Anton Mikhailovich Kovalchouk is Postgraduate student of the Chair of Theory and History of Culture at Khabarovsk State Institute of Arts and Culture.
The article examines Russian cultural symbols of identity manifest in print advertising materials of the first-wave Russian emigra-tion. The author examines the basic components of Russian national identity - its ethnic, geographical, religious, political, linguistic and economic aspects. The central identification sign of the Russian diaspora in China was the Russian language. The article discusses the use of Russian literary images and symbols in the emigrant advertising and examines the use of old and new Russian orthography in Russian print advertising in China. The author explains why only old (pre-revolutionary) Russian orthography was used in the adver-tisements in question and argues that the true authentic animal symbol which used to reflect the specific character of the Russian emigra-tion in China, was a tiger. Special attention is paid to the symbol of Holy Russia, reflected in the image of the Temple of God; the latter is, unquestionably, St. Nicholas Cathedral built in Harbin in the early twentieth century. This temple was often portrayed in Russian emigre advertisements. The given article is based on the analysis of media texts, published in the 1920s-1930s., in the newspapers "Zarja" and "Rupor". These broadsheets used to be the most popular editions among compatriot -emigrants.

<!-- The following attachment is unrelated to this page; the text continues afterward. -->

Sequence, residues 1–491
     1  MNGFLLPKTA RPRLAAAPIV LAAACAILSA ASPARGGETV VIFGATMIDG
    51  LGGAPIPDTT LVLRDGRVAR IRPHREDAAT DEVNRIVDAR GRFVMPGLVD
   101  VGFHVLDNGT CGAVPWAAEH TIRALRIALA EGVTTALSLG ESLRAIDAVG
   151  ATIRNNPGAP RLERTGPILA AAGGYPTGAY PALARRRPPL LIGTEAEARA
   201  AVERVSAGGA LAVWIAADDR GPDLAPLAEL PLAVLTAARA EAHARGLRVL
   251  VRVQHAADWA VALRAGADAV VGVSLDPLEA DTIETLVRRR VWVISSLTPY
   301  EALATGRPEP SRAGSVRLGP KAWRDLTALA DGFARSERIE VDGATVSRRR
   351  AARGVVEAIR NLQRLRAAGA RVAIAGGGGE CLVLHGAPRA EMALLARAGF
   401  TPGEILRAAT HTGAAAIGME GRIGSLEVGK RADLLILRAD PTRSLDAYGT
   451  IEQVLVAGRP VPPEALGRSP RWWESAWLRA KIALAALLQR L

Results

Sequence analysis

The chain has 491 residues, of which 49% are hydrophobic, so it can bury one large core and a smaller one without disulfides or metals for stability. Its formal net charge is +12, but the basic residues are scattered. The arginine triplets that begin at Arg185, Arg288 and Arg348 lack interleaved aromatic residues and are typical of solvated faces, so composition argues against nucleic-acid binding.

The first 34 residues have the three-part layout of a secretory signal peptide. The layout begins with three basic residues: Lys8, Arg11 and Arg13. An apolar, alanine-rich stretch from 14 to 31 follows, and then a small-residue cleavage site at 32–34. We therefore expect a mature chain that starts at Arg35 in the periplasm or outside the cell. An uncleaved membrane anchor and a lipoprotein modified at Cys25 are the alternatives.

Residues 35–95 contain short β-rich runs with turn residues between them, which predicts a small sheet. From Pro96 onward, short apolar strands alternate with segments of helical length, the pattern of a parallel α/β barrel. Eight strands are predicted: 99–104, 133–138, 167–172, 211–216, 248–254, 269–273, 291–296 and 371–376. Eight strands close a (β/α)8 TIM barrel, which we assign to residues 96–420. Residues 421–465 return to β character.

Key words: identity, cultural archetype, print advertising, emigration, symbol, image.